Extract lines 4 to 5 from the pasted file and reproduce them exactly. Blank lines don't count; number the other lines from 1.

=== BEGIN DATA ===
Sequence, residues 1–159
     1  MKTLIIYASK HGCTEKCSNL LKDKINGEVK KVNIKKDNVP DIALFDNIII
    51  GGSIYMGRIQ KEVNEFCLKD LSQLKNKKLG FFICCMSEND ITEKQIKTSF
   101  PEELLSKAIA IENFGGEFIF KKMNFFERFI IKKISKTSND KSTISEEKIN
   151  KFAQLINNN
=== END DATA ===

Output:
   101  PEELLSKAIA IENFGGEFIF KKMNFFERFI IKKISKTSND KSTISEEKIN
   151  KFAQLINNN